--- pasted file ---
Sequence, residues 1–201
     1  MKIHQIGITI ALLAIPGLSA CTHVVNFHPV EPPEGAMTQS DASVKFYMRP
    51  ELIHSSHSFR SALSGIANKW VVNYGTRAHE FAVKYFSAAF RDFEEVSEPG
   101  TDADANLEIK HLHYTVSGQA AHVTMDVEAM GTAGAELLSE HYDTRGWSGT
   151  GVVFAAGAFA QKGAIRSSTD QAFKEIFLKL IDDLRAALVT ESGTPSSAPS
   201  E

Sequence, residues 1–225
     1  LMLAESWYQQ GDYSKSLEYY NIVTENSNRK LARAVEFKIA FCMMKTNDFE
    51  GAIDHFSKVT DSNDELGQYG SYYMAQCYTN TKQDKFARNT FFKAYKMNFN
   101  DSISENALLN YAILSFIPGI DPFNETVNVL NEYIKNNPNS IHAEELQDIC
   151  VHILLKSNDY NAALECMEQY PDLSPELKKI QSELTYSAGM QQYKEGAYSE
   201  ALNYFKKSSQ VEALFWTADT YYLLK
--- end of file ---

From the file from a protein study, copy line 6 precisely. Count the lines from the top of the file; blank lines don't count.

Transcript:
   201  E